Almeida et Bussaco 1810
A review by Marco Arnaudo
ALMEIDA AND BUSSACO 1810
In April 1810, Napoléon entrusted to Masséna, the hero of Aspern and Wagram, the mission of driving Wellington out of Portugal.
The northerly route was chosen for the invasion, passing through Ciudad Rodrigo and Almeida. The French offensive began at the end of June.
On 24 July, Marshal Ney with the advance guard defeated General Craufurd under the walls of Almeida and threw him back across the Coâ River, as a prelude to laying siege to the place. The French then penetrated into Portugal. Their advance was slow and difficult.
As for Wellington, he drew up his army in the formidable position of Bussaco. On 27 September, Masséna ordered a frontal attack upon the English line of defense. After a bitter struggle he gave up the attempt and broke off the attack. It would take until the next day to find a way to turn the position at Sierra de Bussaco. With these two battles the terrible duel between Masséna and Wellington had begun!
Almeida and Bussaco 1810 is a new offering in the Jours de Gloire series. It presents 3 battles of the year 1810 between the French and Anglo-Portuguese armies.
The Battle of the River Côa (Almeida), June 24, 1810. Ney had been ordered by Masséna to capture the fortress of Almeida. To accomplish this, the Duke of Elchingen would first have to defeat the British force covering the town.
In the shadow of the fortress of Almeida, Crauford’s division gave way under the assaults of the French VI Corps.
Next, the Battle of Bussaco, which took place on September 27, 1810. The Anglo-Portuguese army of the Duke of Wellington was firmly established on the heights of the Sierra Bussaco.
Early in the morning, the French right wing launched an assault on the British positions near the convent of Bussaco.
Finally, the engagement of Coimbra. On October 1, 1810, the advance guard of the Army of Portugal, commanded by Cavalry General Sainte Croix encountered the allied army’s rear guard under General Stapleton-Cotton.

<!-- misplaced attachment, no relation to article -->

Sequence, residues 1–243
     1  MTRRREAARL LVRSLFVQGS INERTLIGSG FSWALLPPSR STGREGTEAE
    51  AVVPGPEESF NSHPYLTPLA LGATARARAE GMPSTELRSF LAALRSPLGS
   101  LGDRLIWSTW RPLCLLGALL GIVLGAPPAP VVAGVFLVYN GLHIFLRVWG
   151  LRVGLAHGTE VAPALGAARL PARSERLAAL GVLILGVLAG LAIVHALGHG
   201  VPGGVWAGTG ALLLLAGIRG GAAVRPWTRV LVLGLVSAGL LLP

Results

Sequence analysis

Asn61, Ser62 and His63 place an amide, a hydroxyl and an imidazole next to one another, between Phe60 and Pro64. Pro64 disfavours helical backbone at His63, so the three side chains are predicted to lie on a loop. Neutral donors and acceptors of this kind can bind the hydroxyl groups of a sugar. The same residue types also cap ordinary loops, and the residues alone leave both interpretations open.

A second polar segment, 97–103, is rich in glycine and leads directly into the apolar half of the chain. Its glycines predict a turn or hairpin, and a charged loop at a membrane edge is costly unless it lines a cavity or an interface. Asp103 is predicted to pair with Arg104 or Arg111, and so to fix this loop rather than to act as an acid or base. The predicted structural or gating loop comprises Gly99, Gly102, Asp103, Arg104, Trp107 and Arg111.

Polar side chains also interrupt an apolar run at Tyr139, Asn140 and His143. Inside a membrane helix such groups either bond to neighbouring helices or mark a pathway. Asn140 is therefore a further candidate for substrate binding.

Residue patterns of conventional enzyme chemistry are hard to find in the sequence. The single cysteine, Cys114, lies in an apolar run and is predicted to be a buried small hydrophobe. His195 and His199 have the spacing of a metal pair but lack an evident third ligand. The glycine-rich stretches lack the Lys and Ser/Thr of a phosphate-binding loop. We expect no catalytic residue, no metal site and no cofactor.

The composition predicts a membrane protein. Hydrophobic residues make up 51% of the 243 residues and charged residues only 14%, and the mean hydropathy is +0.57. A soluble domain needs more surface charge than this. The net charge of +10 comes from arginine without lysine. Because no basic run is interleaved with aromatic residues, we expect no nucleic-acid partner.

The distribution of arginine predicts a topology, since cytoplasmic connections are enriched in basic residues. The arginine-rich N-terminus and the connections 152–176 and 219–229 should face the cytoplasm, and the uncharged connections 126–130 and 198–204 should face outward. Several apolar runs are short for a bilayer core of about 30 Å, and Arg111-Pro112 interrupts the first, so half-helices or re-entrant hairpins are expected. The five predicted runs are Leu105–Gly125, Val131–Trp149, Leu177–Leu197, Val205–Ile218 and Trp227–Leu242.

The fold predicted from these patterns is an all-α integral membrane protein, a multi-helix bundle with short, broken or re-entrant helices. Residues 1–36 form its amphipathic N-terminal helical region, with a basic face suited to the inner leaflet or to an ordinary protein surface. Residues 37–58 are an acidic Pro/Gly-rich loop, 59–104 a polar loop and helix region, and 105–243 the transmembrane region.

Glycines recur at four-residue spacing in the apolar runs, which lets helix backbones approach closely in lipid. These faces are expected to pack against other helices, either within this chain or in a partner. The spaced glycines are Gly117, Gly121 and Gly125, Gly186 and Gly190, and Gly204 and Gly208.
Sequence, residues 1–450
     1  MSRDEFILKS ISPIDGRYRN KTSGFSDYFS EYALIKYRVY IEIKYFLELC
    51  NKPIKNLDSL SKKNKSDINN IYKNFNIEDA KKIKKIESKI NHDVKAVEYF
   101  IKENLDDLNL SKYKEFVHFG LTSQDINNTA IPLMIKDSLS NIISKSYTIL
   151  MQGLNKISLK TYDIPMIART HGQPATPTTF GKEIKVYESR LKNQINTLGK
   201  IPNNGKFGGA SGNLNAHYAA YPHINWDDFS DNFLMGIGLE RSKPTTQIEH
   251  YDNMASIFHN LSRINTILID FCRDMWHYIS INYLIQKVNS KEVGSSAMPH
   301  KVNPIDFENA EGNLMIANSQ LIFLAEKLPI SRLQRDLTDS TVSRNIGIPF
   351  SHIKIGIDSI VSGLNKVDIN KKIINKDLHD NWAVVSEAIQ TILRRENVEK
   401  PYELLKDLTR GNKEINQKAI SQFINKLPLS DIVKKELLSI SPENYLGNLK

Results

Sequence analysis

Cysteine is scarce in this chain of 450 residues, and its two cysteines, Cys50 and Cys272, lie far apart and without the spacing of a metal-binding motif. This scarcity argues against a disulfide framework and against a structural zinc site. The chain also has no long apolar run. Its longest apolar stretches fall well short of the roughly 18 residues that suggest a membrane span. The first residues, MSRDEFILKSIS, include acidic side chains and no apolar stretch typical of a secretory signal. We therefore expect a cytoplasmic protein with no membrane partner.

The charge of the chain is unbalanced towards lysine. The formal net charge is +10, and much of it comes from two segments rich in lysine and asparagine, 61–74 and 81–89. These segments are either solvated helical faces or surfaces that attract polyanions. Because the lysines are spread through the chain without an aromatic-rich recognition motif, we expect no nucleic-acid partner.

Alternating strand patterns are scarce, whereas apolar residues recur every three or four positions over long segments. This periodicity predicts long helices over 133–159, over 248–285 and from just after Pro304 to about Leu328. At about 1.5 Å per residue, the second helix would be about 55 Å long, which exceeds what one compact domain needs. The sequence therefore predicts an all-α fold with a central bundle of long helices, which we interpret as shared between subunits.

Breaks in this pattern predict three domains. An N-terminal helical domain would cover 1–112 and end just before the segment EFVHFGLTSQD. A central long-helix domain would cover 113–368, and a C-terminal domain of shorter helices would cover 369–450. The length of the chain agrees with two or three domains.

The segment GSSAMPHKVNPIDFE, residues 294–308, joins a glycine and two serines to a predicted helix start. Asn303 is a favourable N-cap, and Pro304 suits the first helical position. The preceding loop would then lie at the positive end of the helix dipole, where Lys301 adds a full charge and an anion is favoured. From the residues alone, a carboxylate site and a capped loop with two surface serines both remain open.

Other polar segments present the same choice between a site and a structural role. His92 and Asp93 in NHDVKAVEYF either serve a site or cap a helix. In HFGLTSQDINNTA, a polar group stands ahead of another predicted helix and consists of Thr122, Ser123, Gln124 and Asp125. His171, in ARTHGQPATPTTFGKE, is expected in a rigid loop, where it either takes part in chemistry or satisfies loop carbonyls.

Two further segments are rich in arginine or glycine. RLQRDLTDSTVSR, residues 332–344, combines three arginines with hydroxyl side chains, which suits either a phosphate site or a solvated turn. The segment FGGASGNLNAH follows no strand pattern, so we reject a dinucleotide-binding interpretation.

Each battle includes a historical scenario and one or two alternate (“what if?”) scenarios (for example: what if Picton’s division had arrived on the battlefield of Almeida?). There are 7 scenarios in all.
The Jours de Gloire (Days of Glory) series
The objective of the Jours de Gloire series is to cover the principal battles of the Napoleonic epoch chronologically, publishing them on their bicentennials. The battles covered range from small engagements to large battles, simulated at scales varying from battalion to brigade. Playing time varies from 1 hour for the smallest battles to 15 hours for the largest.
The rules are based on the activation of formations from each army by randomly drawing Activation Markers. Each player, standing in the shoes of the commander-in-chief, has at his disposal a limited number of orders; for this reason he must manage the priorities of his plan of battle.
The game integrates unit facing and the main formations or dispositions of troops for combat: forming square, cavalry charges and artillery fire.
Each battle has specific rules which add to the standard rules, notably via special activation markers, so as to provide optimally for the context of each battle.
The Jours de Gloire series supports the Trophée du Bicentenaire (Bicentennial Trophy), an international wargaming competition held each year since 1998.
As a result, more than 1800 games have been played using the series.
The 14th Trophée du Bicentenaire will take place on January 8-9, 2011, in the prestigious surroundings of the main meeting-room of the Town Hall of Vanves, in the Paris area.
The competition will be organized around Almeida and Bussaco 1810. Will you dare to take up the challenge?
To sign up, go to Frédéric Bey's website...
- A 60cm × 42 cm map, backprinted,
- 216 die-cut counters (15mm square),
- One rules booklet,
- One Game aid.